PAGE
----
France and the Soviet Union argue for replacement policies—to replace objects stolen from them with objects of similar quality and value in the current possession of the defeated powers. The United States and Great Britain oppose such a move. While France continues to press for replacement into the early 1950s, the Soviet Union does not quibble over words and policies. It is busy removing untold numbers of items, equipment, and other goods from countries that the Red Army overran in its bid to defeat the Third Reich as partial payment for its losses—both infrastructural and human. One out of every three Soviet male between the ages of 17 and 45 is dead or unaccounted for at the end of the global conflict.

It is fair to say that 90 per cent of all those involved in direct fashion with the cultural plunder of Europe escaped severe punishment, with the notable exception of Alfred Rosenberg and a handful of his acolytes.  The rest faced mostly fines, escaped prosecution altogether, and few were tried and handed down light sentences.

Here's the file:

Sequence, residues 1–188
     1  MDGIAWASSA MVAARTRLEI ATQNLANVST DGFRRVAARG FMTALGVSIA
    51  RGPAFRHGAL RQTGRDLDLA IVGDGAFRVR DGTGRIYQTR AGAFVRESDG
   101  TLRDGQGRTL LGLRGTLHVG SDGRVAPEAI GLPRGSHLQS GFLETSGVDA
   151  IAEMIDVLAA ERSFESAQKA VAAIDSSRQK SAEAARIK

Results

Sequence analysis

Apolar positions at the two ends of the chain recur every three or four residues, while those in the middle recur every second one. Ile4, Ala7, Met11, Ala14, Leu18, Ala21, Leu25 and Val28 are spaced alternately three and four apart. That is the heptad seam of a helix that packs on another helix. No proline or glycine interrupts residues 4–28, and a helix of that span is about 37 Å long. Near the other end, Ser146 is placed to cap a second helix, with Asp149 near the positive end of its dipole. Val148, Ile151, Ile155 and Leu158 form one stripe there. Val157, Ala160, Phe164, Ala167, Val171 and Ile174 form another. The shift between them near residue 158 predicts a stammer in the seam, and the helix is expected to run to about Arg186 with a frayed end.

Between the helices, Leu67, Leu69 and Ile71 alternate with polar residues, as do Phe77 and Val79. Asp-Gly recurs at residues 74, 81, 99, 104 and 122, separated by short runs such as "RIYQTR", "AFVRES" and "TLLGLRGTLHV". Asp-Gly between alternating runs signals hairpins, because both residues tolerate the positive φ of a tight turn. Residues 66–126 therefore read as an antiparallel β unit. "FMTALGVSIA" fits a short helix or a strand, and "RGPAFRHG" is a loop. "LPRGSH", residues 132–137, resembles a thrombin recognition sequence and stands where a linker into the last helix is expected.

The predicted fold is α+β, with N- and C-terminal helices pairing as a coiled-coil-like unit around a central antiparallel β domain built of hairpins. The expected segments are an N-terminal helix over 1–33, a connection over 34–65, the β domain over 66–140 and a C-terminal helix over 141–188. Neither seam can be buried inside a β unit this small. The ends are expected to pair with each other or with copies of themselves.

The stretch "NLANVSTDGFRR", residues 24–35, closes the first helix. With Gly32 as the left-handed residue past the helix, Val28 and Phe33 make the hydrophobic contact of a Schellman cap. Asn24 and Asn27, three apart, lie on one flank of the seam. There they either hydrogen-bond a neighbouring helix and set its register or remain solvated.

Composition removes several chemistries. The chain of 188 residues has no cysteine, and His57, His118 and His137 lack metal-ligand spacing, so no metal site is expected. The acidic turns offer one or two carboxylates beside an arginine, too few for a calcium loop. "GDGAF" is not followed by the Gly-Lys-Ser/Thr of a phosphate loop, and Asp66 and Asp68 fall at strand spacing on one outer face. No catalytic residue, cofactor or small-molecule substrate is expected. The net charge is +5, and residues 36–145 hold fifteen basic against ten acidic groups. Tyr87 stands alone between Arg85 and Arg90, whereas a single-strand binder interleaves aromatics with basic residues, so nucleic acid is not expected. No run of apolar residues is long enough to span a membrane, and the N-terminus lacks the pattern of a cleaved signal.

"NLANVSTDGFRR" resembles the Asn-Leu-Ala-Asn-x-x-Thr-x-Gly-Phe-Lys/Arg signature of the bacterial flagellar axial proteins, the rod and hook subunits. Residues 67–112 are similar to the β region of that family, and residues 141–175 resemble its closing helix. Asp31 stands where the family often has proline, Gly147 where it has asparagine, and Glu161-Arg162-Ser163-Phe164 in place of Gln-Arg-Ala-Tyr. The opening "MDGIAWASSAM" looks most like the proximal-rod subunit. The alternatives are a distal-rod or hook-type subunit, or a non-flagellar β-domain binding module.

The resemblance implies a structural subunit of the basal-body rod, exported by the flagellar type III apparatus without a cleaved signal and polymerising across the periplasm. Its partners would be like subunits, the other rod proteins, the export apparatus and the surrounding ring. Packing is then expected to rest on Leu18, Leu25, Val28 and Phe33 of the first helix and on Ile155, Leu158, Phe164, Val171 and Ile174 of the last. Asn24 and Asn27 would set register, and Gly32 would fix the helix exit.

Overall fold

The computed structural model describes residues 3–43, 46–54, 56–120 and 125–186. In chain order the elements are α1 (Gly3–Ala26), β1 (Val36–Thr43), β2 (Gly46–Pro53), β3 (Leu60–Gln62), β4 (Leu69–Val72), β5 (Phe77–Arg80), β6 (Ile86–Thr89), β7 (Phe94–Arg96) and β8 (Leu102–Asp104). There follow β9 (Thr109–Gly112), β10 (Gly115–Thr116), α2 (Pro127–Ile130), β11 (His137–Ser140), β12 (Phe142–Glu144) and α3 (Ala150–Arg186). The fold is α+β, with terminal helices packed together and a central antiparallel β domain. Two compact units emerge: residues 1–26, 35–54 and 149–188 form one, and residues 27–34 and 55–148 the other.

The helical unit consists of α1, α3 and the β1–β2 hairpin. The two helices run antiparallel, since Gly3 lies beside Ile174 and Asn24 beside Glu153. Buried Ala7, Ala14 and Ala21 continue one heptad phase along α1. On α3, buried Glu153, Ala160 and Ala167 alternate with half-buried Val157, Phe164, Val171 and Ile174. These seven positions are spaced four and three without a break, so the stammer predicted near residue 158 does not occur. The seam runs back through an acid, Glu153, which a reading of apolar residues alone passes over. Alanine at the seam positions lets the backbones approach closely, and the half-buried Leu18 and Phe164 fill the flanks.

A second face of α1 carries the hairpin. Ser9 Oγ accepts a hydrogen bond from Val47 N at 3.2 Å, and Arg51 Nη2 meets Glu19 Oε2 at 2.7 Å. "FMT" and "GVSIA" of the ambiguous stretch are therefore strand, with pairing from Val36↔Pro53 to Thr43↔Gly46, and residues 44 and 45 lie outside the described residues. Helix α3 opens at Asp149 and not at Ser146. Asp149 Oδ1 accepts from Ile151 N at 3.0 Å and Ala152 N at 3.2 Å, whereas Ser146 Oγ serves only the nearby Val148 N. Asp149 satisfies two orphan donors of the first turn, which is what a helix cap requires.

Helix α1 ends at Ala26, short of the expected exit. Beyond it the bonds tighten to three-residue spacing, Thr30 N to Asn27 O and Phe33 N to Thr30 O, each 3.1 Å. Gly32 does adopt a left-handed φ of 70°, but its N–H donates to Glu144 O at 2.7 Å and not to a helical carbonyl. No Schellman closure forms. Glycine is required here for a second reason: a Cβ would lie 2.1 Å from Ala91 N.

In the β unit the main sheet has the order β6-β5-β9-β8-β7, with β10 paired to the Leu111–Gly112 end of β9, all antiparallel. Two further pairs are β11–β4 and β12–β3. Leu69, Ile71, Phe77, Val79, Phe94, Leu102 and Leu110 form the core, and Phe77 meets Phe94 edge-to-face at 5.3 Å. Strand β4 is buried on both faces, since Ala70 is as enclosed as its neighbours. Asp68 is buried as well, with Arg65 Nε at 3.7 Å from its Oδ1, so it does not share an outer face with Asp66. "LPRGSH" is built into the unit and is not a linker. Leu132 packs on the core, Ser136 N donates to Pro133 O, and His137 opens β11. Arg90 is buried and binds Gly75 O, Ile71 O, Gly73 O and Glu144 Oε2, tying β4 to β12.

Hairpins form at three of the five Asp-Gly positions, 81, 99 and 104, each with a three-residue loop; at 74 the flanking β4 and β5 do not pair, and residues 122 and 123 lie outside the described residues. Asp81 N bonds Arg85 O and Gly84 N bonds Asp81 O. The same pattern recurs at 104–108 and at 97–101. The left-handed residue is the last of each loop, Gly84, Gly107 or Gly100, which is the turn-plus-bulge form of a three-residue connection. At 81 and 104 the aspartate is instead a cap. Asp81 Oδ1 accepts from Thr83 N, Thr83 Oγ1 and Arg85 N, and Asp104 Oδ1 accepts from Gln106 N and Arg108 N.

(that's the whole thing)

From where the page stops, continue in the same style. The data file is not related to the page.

Every formerly occupied country in Europe busily enacts laws that restrict the ability of victims to recover items plundered by fellow citizens. Most egregious are the waivers granted to so-called third-party transactions: all individuals who were involved in brokering forced sales and illegal removals of property are granted the benefit of the doubt, lest it be explicitly proven that they knowingly handled items which had been misappropriated for racial and other reasons.  Worst of all: the main proponent of postwar restitution, namely the United States, walks away from the restitution process in the early 1950s, feeling that the job was 'well done', ignoring the plight of claimants who by then have become naturalized US citizens.